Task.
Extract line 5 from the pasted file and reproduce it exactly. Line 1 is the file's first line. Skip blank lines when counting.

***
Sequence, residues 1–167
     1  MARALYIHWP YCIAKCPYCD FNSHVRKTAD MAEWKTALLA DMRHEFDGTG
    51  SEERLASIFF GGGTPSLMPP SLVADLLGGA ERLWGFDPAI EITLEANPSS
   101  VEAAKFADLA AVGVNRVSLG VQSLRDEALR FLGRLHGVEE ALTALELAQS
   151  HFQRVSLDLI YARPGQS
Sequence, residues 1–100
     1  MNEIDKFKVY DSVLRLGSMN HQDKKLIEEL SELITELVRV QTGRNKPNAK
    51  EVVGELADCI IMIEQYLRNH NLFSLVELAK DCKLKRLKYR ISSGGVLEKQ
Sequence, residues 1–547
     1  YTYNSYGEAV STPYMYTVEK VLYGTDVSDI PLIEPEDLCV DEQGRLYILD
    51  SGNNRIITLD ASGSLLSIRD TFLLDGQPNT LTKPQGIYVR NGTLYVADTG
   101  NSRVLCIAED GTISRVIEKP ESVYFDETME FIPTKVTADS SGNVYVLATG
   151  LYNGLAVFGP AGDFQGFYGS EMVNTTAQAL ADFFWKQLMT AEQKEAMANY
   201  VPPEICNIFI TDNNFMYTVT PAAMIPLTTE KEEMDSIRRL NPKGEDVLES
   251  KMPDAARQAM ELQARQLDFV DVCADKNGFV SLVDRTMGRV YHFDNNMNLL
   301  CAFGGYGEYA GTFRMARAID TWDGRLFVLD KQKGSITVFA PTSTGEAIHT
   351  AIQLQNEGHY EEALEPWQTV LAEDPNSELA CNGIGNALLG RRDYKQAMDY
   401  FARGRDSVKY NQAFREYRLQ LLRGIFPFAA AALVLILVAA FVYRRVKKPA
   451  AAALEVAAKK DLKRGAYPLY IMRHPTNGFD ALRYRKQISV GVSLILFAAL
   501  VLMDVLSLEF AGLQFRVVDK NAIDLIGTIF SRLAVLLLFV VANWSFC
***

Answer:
   151  HFQRVSLDLI YARPGQS